Its easy to see why Ravinia touts itself as “America’s Finest Outdoor Music Festival”–1997 alone will find hordes of socioeconomically privileged picnickers flocking to hear Samuel Ramey, Itzhak Perlman, Sarah Chang, Cassandra Wilson and Lyle Lovett perform on its verdant Highland Park grounds. While the Grant Park Music Festival doesn’t showcase as many big names as its northern counterpart, it also lacks the 45-minute drives to Lake County, crowded Metra trains, upper-crust atmosphere or $8 lawn/$35 pavilion seats. Working under the auspices of the Chicago Park District, the fest is the country’s only free, municipally-funded classical music event of its kind. But although the sounds and seats are completely gratis, concert quality and selection doesn’t suffer with the park’s symphony’s competent interpretations of classical hits and occasional appearances by bona-fide stars, such as this year’s opening-night headliner, renowned baritone Dmitri Hvorostovsky. Best of all, those bored with the music can while the evening away by staring at the mesmerizing skyline backdrop.
The Grant Park Music Festival runs from June 21 to August 24 at the Petrillo Music Shell. Call 312.742.7638 for a performance schedule.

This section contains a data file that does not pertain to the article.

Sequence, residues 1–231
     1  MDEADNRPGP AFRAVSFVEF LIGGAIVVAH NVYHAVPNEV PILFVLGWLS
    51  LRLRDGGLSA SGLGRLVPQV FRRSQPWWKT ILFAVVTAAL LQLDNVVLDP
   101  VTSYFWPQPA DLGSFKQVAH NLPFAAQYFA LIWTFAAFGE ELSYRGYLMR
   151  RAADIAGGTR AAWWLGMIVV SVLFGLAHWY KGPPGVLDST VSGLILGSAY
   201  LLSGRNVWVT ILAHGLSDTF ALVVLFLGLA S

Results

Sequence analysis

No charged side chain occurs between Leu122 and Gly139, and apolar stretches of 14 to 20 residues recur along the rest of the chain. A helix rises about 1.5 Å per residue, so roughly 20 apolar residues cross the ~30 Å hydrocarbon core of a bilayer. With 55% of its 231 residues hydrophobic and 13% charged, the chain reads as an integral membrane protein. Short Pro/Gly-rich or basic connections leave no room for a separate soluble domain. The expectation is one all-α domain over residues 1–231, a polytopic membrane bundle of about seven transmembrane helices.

Binti at Brookfield
Last August, when Binti Jua scooped up an unconscious 3-year-old boy who had fallen into the Brookfield Zoo primate cage, the 150-pound Western Lowland gorilla became the most celebrated simian this side of King Kong. Thousands visited Binti at the Tropic World exhibit, children around the world sent her fan mail and she won the American Legion medal of heroism when a Newsweek magazine poll voted her as 1996 hero of the year. Now that the public glare has dimmed, this may be the ideal time to drop in on the 9-year-old primate before she settles into the infamy of appearing in the Fox Network’s “Great Animal Rescues” specials. Plus, you can also catch the zoo’s more anonymous residents, including those in the new South American-styled Living Coast exhibit.
First Avenue and 31st Street, Brookfield, 708.485.0263.
Fiesta Del Sol
Summer breeds street festivals at the same febrile pace it spawns mosquitoes–often an orgy of repetitiveness either with neighborhood chambers of commerce roping off a couple of blocks, peddling members’ inventory and frying funnel cakes for the tykes, or a panoply of restaurants offering “A Taste of” stuff you’d never dream of ingesting otherwise. Amid the monotony, however, it’s fitting that the Pilsen community–mostly Mexican-Americans descended from sun-devoted civilizations–have managed to sustain the city’s most vibrant street fair, Fiesta Del Sol, for twenty-five years. Running from July 24 -27, the colorful alcohol- and tobacco-free celebration draws traditional Mexican artisans and scores of vendors selling freshly cooked tamales, burritos, enchiladas and other south-of-the-border specialties. Entertainment usually includes free carnival rides and concerts by well-known mariachi, salsa and rock-en-español players, while portions of the event often are televised by Spanish-language supernetwork Univision (last year the network filmed episodes of its steamy bump-and-grind dance show “Caliente” at the Fiesta, alone worth trekking to the W est side).